Sanders, Cruz leading Senate in missed votes in 2016
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Sanders missed more votes than any other senator during the first quarter of 2016, skipping 37 of the Senate's 38 roll call votes, according to GovTrack. 
It's the first time Sanders has led the Senate in missed votes since announcing his presidential bid last year, and he has greatly surpassed previous candidates' records. 
During the same period in 2008, then-Sen. Barack ObamaBarack Hussein ObamaThe Hill's 12:30 Report - Presented by Facebook - Don't expect a government check anytime soon Trump appointees stymie recommendations to boost minority voting: report Obama's first presidential memoir, 'A Promised Land,' set for November release MORE (D-Ill.) missed more than 36 percent of votes, and Hillary ClintonHillary Diane Rodham ClintonHillicon Valley: FBI chief says Russia is trying to interfere in election to undermine Biden | Treasury Dept. sanctions Iranian government-backed hackers The Hill's Campaign Report: Arizona shifts towards Biden | Biden prepares for drive-in town hall | New Biden ad targets Latino voters FBI chief says Russia is trying to interfere in election to undermine Biden MORE (D-N.Y.) missed almost 45 percent, according to GovTrack. 
While Sanders takes the Senate's top spot this quarter, Cruz is in a close second. The Texas Republican has missed 36 of the Senate's 38 roll call votes so far this year. 
His last vote was cast on Feb. 10 to crack down on North Korea after Pyongyang said it tested a hydrogen bomb. 
Cruz has repeatedly missed more votes than many of his Senate colleagues since launching his presidential campaign. Only Sens. Marco RubioMarco Antonio RubioFlorida senators pushing to keep Daylight Savings Time during pandemic Hillicon Valley: DOJ indicts Chinese, Malaysian hackers accused of targeting over 100 organizations | GOP senators raise concerns over Oracle-TikTok deal | QAnon awareness jumps in new poll Intelligence chief says Congress will get some in-person election security briefings MORE (R-Fla.) and Lindsey GrahamLindsey Olin GrahamThe Hill's Campaign Report: Arizona shifts towards Biden | Biden prepares for drive-in town hall | New Biden ad targets Latino voters Senate Democrats' campaign arm announces seven-figure investment to boost Graham challenger Graham: Comey to testify about FBI's Russia probe, Mueller declined invitation MORE (R-S.C.) missed more votes in 2015.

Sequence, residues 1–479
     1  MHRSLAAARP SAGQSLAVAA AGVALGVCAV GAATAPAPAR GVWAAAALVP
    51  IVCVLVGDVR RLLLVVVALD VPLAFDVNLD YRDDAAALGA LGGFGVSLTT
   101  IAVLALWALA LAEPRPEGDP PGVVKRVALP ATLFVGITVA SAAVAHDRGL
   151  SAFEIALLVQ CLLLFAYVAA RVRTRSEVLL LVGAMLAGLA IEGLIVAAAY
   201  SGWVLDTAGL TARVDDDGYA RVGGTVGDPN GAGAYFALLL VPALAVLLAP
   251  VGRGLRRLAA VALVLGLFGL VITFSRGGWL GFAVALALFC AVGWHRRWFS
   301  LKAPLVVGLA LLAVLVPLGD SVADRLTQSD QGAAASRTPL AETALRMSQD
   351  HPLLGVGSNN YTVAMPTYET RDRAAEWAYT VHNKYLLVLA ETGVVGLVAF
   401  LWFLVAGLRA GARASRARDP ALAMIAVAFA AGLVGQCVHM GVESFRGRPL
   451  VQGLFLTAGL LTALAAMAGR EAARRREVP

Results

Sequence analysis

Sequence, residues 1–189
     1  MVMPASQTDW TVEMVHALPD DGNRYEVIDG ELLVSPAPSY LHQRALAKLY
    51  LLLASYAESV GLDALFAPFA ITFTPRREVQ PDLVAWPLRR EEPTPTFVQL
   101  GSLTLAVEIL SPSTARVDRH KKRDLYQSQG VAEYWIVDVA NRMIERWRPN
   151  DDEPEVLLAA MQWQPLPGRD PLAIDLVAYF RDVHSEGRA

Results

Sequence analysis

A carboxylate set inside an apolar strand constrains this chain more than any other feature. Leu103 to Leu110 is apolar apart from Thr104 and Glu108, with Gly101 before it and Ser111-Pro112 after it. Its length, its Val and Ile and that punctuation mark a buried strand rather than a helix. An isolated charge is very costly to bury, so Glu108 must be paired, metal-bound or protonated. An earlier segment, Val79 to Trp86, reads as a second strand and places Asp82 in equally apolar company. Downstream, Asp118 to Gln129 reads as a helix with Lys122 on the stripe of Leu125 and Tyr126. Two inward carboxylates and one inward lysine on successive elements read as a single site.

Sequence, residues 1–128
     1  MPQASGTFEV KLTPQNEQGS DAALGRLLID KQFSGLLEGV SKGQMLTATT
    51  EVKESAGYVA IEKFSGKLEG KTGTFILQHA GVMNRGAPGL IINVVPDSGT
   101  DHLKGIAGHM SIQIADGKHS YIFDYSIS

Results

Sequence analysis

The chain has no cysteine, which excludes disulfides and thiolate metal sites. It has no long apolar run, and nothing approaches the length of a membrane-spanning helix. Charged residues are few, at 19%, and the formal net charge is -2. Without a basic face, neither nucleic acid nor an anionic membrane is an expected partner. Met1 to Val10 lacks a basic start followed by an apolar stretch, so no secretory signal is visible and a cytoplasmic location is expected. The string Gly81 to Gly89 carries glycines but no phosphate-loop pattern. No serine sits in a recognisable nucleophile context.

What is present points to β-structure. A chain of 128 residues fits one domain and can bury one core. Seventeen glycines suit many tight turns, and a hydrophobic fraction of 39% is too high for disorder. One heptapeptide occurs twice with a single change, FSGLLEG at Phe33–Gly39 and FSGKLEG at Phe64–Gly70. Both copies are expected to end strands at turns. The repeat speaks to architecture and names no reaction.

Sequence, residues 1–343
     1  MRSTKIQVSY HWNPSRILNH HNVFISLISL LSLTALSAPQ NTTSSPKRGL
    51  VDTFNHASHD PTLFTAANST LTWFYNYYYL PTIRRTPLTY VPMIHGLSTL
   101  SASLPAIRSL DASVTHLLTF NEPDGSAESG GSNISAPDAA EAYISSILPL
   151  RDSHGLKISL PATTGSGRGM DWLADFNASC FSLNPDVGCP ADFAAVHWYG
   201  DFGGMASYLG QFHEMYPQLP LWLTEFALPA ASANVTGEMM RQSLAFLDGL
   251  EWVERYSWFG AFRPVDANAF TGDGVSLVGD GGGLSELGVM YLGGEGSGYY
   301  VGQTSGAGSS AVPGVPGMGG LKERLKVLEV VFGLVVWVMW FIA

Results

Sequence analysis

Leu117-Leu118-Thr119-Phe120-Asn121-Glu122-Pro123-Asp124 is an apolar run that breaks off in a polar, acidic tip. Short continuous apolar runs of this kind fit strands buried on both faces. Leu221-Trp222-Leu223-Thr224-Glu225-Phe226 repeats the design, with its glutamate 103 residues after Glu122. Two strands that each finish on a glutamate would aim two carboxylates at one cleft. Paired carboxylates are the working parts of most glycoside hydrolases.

The first quarter of 2016, however, is the first time he has missed a larger percent of votes than Sen. John McCainJohn Sidney McCainThe electoral reality that the media ignores Kelly's lead widens to 10 points in Arizona Senate race: poll COVID response shows a way forward on private gun sale checks MORE (R-Ariz.) did during McCain's presidential campaign.
Cruz missed almost 95 percent of the Senate's roll call votes during the first three months of 2016, while McCain missed almost 59 percent during the same period in 2008. 
The presidential election has swung into high gear, with the two senators battling for delegates across the country in each party's primary elections, fighting against front-runners Donald TrumpDonald John TrumpHR McMaster says president's policy to withdraw troops from Afghanistan is 'unwise' Cast of 'Parks and Rec' reunite for virtual town hall to address Wisconsin voters Biden says Trump should step down over coronavirus response MORE and Clinton.
Many of the votes the two senators missed were either procedural or situations where their votes wouldn't have changed the outcome. But they've also skipped voting on legislation to combat opioid addiction — a major issue that has been in the spotlight during the campaign. 
Clinton's camp took a swing at Sanders earlier this year after he missed the vote on new sanctions against North Korea. 
"It is unfortunate that yet again, Sen. Sanders has shown a lack of interest in vital national security issues," Clinton campaign spokesman Jesse Ferguson said after the vote.
Sanders said he was "necessarily absent" during the North Korea vote, but that the increased sanctions were "absolutely essential" to ending North Korea's nuclear program. 
Cruz's campaign has also defended his ability to balance his job in the Senate with the presidential race. Being on the campaign trail didn't stop Cruz from temporarily blocking the Senate from confirming State Department nominees, and he also temporarily put a hold on the Senate's energy reform bill and Flint, Mich., aid package.
He's not the only Republican who has faced questions about his voting record. Rubio, who ended his campaign earlier this year, caught frequent flak for missing votes. 
The Florida Republican has defended his record, saying he votes when he believes he can make a difference in the outcome or on important pieces of legislation. Rubio is retiring at the end of his current term.
Rubio missed more votes than any other senator in 2015. He also comes in third — behind Sanders and Cruz — for the most votes missed during the first quarter of 2016. 
He returned to the Senate earlier this month and voted to hold classified ads site and its chief executive in contempt. 
The vote marked Rubio's fourth roll call vote so far this year.